A high dose of vitamin E daily has in a double - blind, placebo-controlled study shown to reduce the progression of Alzheimer's disease by 19% compared with placebo in elderly people who had the disease in mild to moderate degree.
Researchers from Chicago, Illinois recruited 613 patients with mild to moderate Alzheimer's to participate in their study. The participants were randomly divided into one of four groups: The first group received 1000 international units (IU) of vitamin E twice daily, the second group received 20 mg per day of the Alzheimer's drug Memantine, the third group received the combination of vitamin E and Memantine and the last group received a corresponding placebo.
- and other types of organ damage
Vitamin K occurs naturally in different forms. The vitamin is primarily known for its role in blood coagulation, but a team of German scientists has found a new type of vitamin K. This form serves as a very particular type of antioxidant that counteracts cell death caused by a process called ferroptosis. Because ferroptosis is involved in the development of Alzheimer’s disease, acute organ damage, and other diseases, the researchers see a whole new potential for vitamin K in the prevention and mitigation of ferroptosis-related ailments. Earlier studies even suggest that selenium-containing antioxidants also protect against cell death caused by ferroptosis.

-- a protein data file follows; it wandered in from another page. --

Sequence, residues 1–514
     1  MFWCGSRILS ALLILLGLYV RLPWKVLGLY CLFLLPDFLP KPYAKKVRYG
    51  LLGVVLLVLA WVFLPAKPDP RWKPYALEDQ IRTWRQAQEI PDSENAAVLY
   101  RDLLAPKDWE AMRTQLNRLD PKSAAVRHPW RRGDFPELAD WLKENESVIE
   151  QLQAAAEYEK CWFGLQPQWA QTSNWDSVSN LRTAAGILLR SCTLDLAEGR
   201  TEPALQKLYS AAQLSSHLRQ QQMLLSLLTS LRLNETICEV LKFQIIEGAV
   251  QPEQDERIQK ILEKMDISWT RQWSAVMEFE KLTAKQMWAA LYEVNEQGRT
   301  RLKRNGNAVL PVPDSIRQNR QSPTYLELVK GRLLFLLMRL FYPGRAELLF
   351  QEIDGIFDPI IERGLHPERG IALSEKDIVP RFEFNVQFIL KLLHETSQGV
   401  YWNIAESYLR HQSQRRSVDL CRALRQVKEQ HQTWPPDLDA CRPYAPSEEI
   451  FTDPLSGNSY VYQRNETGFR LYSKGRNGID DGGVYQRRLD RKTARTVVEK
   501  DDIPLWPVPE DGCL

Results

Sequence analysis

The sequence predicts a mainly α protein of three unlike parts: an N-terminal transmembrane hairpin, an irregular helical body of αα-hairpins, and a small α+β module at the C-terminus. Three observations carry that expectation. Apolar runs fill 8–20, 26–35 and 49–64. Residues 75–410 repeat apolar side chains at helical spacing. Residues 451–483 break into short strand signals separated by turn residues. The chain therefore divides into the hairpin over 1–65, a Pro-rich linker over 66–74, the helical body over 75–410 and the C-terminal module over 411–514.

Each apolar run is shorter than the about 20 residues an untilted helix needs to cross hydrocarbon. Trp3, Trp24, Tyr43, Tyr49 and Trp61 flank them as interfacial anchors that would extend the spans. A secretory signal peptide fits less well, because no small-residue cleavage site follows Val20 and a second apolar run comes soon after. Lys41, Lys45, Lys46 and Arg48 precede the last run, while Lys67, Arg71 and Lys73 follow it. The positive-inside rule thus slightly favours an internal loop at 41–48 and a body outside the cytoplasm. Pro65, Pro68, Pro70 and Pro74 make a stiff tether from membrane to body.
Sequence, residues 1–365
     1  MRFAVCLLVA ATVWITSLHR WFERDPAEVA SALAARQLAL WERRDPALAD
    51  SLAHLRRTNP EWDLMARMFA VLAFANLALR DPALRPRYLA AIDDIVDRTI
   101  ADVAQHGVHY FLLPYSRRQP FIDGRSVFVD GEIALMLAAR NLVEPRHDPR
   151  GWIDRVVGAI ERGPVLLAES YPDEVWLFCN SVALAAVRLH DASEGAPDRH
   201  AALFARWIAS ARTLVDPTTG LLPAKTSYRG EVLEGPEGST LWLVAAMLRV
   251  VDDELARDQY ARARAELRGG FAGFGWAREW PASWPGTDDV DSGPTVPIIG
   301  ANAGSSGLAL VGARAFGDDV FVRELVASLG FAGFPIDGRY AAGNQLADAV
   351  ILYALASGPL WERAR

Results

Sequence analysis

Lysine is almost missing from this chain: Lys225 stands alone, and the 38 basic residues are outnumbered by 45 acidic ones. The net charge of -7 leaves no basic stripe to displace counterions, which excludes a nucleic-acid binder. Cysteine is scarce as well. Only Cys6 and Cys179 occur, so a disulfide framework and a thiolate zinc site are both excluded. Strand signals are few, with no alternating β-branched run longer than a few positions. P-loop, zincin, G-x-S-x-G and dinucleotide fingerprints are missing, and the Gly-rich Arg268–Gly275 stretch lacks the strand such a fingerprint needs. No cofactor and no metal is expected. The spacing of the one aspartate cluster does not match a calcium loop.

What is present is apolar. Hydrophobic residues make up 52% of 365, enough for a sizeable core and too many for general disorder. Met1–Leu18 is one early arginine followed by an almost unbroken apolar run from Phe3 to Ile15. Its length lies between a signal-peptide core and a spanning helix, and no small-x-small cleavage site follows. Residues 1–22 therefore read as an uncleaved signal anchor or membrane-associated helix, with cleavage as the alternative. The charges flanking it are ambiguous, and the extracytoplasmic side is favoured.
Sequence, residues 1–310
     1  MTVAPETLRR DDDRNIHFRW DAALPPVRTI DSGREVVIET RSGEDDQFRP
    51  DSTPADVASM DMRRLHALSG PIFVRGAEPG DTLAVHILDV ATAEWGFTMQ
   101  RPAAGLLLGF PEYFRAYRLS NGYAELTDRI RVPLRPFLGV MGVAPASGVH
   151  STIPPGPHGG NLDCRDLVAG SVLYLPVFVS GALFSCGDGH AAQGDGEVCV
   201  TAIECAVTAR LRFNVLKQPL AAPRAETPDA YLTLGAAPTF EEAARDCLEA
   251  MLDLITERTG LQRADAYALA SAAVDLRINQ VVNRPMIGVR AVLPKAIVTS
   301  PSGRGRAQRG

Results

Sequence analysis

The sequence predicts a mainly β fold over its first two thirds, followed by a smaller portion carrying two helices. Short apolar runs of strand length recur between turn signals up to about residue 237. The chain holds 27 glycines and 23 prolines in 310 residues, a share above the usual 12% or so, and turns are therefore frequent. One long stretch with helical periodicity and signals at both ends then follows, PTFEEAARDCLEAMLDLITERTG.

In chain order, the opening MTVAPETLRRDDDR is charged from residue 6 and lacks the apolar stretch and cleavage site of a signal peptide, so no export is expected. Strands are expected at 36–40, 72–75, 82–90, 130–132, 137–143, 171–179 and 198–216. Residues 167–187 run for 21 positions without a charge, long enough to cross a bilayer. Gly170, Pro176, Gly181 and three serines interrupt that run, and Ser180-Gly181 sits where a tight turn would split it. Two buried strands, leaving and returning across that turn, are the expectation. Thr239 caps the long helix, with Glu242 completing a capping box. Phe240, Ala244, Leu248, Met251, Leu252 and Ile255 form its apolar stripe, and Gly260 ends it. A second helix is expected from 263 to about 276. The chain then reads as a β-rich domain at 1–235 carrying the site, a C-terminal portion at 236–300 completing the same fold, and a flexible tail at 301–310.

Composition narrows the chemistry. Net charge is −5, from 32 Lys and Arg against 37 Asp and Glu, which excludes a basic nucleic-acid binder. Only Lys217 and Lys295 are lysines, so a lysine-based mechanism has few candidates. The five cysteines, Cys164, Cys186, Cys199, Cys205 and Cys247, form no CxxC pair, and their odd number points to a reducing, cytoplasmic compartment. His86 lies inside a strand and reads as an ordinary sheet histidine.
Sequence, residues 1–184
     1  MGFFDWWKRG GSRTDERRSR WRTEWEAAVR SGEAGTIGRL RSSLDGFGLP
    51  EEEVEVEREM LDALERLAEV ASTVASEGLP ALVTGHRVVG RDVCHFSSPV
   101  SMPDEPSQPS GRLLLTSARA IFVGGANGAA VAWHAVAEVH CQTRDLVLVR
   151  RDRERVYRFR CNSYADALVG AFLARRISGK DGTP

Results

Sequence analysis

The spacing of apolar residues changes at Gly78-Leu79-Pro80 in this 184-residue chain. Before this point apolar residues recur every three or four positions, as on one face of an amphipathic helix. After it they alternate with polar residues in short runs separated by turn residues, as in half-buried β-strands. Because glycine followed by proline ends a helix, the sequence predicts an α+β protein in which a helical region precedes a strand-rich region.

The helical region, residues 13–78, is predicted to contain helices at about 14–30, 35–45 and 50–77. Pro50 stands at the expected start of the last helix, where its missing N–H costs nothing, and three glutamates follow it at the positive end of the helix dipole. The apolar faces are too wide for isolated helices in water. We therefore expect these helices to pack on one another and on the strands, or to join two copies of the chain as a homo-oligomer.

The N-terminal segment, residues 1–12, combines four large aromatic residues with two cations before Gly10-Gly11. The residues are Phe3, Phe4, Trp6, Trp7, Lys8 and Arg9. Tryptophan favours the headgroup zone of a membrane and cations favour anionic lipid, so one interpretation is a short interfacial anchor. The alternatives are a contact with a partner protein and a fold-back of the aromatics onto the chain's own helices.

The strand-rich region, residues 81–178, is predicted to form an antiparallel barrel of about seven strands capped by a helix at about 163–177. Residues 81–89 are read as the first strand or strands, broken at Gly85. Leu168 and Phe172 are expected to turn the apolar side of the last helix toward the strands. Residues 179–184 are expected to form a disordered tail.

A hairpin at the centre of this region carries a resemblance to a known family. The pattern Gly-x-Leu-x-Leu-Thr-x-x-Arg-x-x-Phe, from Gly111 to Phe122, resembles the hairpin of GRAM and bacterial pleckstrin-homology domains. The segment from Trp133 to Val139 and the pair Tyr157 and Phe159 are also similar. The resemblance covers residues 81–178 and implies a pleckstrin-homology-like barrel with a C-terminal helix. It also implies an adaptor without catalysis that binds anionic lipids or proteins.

The risk of dementia and neurological disorders increases with age. Diet plays an important role and it is assumed that the widespread lack of vitamin K2is particularly relevant. In order to test this hypothesis, a group of scientists measured levels of vitamin K2 in the brains of deceased seniors. They found significantly fewer cases of cognitive decline, dementia, and Alzheimer’s disease in brains with higher K2 levels. This has something to do with the fact that vitamin K2 counteracts atherosclerosis, accumulation of harmful protein, and brain inflammation. The study is published in the journal Alzheimer’s & Dementia and sheds a whole new light on vitamin K’s potential role in brain health and the importance of getting enough of this nutrient.